|Decades from now, teachers of political science and campaign management will not have to look any further than the John KerryJohn KerryKerry and his dog stroll through women's march Trump fails to mention Clinton in inaugural address Hillary Clinton under microscope at inauguration MORE campaign of 2004 to understand all the fundamental mistakes a candidate can make. The strategy, tactics, issues, and execution of the Kerry campaign are so flawed as to offer a model of what not to do.|
Begin with Kerry’s decision to focus on the war in Iraq as his key issue. In the most recent ABC News poll, voters say, 53-38, that President Bush is better than Kerry at handling the problems in Iraq. So why would the Massachusetts Democrat choose to focus his case on an area where Bush has a lead? Why not go after issues where the Democrat has an innate advantage instead? And Bush’s lead on Iraq is nothing compared to his almost 40-point lead on fighting terror.
Winston Churchill once compared engaging Japan in a land war in Asia to “going into the water to fight the shark,” yet that is precisely what Kerry is doing by engaging Bush on his strongest suit.
Since most of Kerry’s support comes from his supposed superiority on domestic issues, his base is sharply divided on the war in Iraq, with slightly more than half taking an antiwar position while about one-third back the engagement and think it is integral to the war on terror (Scott Rasmussen’s data). By coming down on the left side of the issue, Kerry will drive his voters into Bush’s arms.
Kerry has been maneuvered into this no-win positioning by the pressure from Bush attacking him as weak and vacillating. The windsurfing ad, devastatingly effective, forces Kerry to take strong positions just for the sake of showing he is not weak.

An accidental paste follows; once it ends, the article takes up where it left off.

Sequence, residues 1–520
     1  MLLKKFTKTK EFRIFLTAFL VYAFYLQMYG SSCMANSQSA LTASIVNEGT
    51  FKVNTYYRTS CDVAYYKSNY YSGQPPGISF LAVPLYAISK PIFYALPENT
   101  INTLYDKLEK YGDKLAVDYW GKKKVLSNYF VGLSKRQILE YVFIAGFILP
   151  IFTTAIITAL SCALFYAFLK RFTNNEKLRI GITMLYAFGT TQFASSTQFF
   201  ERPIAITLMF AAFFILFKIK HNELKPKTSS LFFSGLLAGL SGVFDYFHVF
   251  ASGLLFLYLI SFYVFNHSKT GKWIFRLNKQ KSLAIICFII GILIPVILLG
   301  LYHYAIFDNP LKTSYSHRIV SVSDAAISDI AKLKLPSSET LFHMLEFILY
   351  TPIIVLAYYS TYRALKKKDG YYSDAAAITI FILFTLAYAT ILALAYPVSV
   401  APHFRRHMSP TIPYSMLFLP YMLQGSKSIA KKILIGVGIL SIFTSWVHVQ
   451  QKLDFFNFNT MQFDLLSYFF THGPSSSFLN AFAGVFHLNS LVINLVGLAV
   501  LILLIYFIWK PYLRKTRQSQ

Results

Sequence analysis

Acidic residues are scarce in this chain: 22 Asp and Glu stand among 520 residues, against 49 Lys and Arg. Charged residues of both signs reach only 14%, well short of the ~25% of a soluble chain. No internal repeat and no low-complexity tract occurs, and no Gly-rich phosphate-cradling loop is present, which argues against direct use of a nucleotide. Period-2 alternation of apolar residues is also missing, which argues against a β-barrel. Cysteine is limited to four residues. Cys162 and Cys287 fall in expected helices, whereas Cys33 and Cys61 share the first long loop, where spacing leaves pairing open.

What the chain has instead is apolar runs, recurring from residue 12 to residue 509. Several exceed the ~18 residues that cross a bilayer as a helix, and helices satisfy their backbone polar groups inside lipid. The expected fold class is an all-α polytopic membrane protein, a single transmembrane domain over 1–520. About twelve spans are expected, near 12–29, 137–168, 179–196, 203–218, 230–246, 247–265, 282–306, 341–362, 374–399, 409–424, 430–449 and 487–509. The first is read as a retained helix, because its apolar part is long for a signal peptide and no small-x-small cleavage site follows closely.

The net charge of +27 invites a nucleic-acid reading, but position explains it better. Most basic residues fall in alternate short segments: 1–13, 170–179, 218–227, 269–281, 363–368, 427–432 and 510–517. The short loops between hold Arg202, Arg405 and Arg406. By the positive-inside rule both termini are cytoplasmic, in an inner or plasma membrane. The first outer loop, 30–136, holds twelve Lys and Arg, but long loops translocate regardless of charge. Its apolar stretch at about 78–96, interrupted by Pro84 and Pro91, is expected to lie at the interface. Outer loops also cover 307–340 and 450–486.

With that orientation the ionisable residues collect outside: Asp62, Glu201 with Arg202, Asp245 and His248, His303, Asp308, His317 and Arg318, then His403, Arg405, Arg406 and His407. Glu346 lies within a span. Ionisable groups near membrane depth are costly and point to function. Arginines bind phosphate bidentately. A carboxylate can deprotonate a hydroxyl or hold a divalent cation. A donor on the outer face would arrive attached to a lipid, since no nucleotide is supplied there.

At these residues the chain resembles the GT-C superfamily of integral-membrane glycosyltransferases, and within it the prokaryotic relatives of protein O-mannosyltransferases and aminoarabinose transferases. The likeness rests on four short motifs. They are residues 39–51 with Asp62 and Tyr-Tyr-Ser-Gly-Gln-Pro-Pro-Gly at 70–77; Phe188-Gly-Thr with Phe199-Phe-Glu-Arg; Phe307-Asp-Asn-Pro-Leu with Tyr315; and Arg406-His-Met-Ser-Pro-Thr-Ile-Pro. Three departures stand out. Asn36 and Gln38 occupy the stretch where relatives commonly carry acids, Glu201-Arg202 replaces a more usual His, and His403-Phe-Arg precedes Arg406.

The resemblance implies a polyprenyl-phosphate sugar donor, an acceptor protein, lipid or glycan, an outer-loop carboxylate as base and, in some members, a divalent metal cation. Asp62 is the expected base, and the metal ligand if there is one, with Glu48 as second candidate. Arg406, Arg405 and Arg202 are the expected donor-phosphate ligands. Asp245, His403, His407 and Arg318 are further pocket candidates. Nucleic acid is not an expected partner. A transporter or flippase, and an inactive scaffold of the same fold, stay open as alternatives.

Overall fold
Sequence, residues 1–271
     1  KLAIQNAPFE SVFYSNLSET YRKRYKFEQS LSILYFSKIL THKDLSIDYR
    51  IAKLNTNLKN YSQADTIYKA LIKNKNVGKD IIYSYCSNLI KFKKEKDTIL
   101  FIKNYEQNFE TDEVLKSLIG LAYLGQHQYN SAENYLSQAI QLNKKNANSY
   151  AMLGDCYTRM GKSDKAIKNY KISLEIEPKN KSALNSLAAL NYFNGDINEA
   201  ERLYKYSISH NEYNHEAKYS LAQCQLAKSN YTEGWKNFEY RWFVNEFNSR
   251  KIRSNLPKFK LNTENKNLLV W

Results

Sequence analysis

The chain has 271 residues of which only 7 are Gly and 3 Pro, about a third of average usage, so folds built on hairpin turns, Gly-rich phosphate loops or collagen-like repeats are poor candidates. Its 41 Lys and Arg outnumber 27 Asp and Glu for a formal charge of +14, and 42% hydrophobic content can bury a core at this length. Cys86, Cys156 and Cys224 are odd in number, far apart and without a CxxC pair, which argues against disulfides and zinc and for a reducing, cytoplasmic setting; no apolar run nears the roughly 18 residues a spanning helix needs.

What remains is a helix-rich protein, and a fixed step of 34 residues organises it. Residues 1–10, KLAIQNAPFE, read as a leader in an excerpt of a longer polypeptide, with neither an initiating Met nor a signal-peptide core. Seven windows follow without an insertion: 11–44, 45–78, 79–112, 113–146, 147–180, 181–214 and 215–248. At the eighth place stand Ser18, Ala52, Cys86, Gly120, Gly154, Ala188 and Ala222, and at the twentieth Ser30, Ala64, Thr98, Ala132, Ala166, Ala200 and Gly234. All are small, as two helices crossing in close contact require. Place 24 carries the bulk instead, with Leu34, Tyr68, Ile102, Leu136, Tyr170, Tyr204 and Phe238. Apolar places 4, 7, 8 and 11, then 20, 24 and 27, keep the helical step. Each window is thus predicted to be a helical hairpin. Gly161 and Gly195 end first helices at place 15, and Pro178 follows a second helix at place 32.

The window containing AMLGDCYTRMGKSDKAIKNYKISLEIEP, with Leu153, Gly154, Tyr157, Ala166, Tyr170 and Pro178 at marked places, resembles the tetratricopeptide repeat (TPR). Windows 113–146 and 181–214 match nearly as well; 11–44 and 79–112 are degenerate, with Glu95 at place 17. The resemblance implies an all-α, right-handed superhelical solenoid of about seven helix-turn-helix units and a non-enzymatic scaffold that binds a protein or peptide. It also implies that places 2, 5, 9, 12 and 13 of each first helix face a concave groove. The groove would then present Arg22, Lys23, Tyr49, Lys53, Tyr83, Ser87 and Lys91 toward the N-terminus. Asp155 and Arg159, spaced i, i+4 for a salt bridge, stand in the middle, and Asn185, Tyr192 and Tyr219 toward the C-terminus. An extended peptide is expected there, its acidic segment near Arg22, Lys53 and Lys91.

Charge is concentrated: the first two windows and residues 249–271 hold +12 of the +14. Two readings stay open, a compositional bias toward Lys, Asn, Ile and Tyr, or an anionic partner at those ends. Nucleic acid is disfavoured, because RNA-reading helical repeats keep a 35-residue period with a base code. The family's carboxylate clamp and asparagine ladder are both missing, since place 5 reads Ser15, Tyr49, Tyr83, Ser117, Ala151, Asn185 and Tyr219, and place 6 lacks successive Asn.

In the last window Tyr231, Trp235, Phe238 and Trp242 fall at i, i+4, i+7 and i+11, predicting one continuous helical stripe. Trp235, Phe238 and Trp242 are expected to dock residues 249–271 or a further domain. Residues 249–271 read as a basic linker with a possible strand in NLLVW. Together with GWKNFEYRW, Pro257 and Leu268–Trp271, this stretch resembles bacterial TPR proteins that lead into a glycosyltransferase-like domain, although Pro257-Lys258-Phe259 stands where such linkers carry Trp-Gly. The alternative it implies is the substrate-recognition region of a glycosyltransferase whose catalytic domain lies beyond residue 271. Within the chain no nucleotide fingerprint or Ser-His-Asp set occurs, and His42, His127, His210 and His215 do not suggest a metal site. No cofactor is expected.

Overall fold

But he doesn’t have to take the wrong ones! He could use domestic policy to show his strength. By charging into the middle of the Iraq war, predicating his campaign on it, he is making an error of almost unbelievable proportions.
But beyond the issue of being pro-war or antiwar, Kerry is committed to showing the war in Iraq as a failure. The pessimism and negativity that comes to color his campaign as he attacks Bush on his handling of Iraq can only hurt him further.
By criticizing the president on his conduct of a war, one has almost implicitly to be criticizing the troops who are waging it. It was only after years and years of obvious chaos in Vietnam that opposition to that conflict became politically acceptable.
Kerry cannot break with a president in his conduct of a war without being seen as negative to the men and women who are waging it.
Bush can frame his differences with Kerry as optimism versus pessimism, a can-do attitude versus a can’t-do approach. Kerry will come off on the wrong side of the issue and won’t look good in the process.
Finally, Kerry is making a fundamental error in basing his campaign on an attack on Bush. You can’t attack a sitting president and gain any more votes than you had when you started. If the day-to-day experience of living under the Bush
administration has not led someone to a negative view of his incumbency, an ad or a speech is not about to do it.
The relationship of voters to their president is so intimate and his exposure so thorough that it is almost impossible to persuade people who like him to turn on him.
It’s like punching a pillow. If a president opens the campaign with negatives that make reelection unlikely, as did President Carter and the first President Bush, one can defeat an incumbent by attacking him. But if his ratings are not that bad, a challenger can only hope to prevail by providing an alternative vision of positives that overcome the incumbent.
Since Kerry is doing everything wrong right now, one is tempted to believe that he will eventually run out of mistakes to make and will stumble, by default if nothing else, onto the right strategy.
It is possible that after losing the debates, having already lost the conventions, he will finally figure out how to win and the race will tighten. But, then again, never overestimate the capacity of these folks to learn from experience.
Morris is the author of Rewriting History, a rebuttal of Sen. Hillary ClintonHillary Rodham ClintonEx-Clinton aide calls Trump spokesman a 'failure' Madonna to critics of women's march: 'F--k you' Women's march takes over DC MORE’s (D-N.Y.) memoir, Living History.